Henry
 
Monica Shiralkar
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I realised that I had done a blunder. I had the line t.start(); in the constructer of the MyThread class. I removed this line and it worked as expected. But now I have a doubt.

Despite writing the t.start() in constructor the time taken for program to complete was different with different value provided for ThreadPoolSize.


E.g time taken with

was a lot different with time taken by program when below line as used:



or time taken when below was used:





If we are using Thread Pool and specifying t.start() it is a mistake so in that case it will create threads immediately.So why is there difference in time taken in above cases despite specifying t.start() ?
 
Tony Docherty
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Monica. Shiralkar wrote:I realised that I had done a blunder. I had the line t.start(); in the constructer of the MyThread class. I removed this line and it worked as expected.

In future please post the exact code you are running or we are trying to fix problems that are being caused by something we don't know about.

Monica. Shiralkar wrote:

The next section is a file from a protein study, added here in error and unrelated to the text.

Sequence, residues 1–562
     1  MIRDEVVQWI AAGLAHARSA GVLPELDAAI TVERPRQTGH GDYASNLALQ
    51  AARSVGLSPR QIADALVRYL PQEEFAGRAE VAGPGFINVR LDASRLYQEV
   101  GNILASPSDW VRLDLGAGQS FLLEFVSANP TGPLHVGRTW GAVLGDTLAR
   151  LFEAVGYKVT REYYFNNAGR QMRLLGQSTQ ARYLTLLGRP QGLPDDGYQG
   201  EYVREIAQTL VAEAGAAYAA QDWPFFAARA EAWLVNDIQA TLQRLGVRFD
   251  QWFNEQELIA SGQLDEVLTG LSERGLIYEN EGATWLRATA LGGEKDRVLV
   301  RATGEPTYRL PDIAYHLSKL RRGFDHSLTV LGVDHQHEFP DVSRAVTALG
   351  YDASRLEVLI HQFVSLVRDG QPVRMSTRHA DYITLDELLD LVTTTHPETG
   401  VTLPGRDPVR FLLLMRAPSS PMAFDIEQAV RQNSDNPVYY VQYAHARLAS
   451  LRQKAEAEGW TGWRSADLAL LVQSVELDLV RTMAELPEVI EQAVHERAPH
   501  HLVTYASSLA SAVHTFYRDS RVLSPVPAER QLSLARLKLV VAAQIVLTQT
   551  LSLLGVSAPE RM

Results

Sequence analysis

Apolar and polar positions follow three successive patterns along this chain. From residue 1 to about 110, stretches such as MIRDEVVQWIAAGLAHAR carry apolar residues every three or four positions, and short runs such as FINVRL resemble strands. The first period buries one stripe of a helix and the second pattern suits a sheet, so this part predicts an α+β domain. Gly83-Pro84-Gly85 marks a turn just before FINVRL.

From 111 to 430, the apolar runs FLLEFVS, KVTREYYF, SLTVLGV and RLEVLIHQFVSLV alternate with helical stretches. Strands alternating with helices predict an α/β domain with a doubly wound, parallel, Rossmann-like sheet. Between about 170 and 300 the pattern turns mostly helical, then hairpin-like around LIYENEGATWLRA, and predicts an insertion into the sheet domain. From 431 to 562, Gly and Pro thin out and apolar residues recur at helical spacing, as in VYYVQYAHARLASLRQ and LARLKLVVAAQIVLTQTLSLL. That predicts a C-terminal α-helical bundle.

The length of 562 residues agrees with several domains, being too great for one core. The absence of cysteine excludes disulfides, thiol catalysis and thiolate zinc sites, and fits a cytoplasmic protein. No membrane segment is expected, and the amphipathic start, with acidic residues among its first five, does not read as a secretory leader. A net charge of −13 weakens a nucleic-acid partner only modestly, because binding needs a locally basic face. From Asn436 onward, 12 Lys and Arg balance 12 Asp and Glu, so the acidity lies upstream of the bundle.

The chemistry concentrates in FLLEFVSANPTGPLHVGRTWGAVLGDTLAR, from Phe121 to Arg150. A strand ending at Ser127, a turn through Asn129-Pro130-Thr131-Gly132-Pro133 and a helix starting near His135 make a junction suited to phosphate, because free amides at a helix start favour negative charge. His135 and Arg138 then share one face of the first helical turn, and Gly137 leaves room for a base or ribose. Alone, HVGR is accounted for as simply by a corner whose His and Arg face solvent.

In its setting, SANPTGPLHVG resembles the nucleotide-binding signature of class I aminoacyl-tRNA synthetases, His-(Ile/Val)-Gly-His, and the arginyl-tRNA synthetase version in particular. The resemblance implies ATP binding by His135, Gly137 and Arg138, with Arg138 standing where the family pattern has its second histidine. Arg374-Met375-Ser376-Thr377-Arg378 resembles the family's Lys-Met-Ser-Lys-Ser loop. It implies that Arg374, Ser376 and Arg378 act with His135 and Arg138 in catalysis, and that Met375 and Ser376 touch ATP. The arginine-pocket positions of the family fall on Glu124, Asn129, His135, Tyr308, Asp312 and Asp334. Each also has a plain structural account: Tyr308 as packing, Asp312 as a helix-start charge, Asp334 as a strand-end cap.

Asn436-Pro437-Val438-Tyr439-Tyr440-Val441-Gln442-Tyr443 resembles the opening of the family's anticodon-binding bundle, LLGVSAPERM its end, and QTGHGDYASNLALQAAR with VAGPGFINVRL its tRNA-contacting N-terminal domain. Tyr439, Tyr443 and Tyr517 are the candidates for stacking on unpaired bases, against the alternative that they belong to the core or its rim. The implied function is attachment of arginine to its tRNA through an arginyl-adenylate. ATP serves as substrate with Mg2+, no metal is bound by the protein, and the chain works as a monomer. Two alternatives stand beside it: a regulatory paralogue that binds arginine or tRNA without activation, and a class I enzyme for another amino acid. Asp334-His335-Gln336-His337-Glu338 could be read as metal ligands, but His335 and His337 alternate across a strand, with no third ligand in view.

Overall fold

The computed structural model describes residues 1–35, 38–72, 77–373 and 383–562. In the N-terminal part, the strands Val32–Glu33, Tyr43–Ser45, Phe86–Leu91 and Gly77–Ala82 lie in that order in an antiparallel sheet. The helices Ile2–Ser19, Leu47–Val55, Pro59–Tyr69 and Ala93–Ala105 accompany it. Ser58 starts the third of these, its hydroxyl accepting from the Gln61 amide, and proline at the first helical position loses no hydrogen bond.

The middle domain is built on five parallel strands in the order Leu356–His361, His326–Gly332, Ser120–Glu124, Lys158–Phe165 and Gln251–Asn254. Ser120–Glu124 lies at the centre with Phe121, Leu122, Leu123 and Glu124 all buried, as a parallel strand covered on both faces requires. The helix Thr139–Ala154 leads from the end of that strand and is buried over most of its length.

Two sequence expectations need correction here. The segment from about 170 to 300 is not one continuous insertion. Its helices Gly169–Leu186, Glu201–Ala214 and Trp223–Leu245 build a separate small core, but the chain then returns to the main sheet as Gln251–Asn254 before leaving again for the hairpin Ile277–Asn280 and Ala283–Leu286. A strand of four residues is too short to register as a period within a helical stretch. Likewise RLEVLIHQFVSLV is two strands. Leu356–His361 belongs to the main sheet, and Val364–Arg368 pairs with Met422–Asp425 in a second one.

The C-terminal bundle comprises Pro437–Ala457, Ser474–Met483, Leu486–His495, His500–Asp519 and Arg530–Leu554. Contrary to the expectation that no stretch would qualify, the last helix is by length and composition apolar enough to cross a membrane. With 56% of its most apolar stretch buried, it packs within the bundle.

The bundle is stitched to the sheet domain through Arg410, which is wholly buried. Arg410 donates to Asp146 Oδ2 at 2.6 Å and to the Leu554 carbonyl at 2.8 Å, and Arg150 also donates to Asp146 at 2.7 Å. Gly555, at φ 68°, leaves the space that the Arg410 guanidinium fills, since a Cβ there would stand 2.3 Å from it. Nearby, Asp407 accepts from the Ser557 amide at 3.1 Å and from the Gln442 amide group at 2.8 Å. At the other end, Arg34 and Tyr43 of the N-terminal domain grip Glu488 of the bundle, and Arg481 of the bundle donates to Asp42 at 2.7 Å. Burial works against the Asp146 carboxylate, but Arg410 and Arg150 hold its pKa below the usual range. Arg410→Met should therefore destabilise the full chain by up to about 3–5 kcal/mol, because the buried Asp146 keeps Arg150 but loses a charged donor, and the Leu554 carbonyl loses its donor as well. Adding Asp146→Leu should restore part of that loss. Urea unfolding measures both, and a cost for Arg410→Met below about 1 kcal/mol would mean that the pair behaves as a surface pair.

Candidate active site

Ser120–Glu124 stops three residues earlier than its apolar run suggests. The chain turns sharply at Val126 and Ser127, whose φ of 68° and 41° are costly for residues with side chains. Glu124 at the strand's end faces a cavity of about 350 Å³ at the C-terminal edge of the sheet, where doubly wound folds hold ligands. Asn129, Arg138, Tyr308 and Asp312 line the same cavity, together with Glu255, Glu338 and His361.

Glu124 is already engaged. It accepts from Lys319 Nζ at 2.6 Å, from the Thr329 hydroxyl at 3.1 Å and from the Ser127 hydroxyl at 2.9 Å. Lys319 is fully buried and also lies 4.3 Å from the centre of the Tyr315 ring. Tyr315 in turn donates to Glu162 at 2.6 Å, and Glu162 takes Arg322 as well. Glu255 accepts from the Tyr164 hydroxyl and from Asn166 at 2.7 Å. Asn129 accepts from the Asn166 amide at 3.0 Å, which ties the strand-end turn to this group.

But now I have a doubt.

Despite writing the t.start() in constructor the time taken for program to complete was different with different value provided for ThreadPoolSize.

You can't have just had t.start() in the constructor as that wouldn't have compiled, there must have been other differences as well.
Without seeing the exact code you were running I can't answer this without guessing.
 
Monica Shiralkar
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Below is the complete code where t.start might be creating and issue:

}
 
Henry Wong
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Monica. Shiralkar wrote:
If we are using Thread Pool and specifying t.start() it is a mistake so in that case it will create threads immediately.So why is there difference in time taken in above cases despite specifying t.start() ?


If you are doing both, well, in the first case, you are creating 1010 threads. 1000 of those threads will do the task once, and the other 10 threads will process the 1000 tasks, 10 tasks at a time. In the second case, you are creating 1015 threads. 1000 of those threads will do the task once, and the other 15 threads will process the 1000 tasks, 15 tasks at a time. And in both cases, you are doing each task twice (once with its own thread, and once by the pool).

Can you guess from this description why one case will finish first?

Henry
 
Monica Shiralkar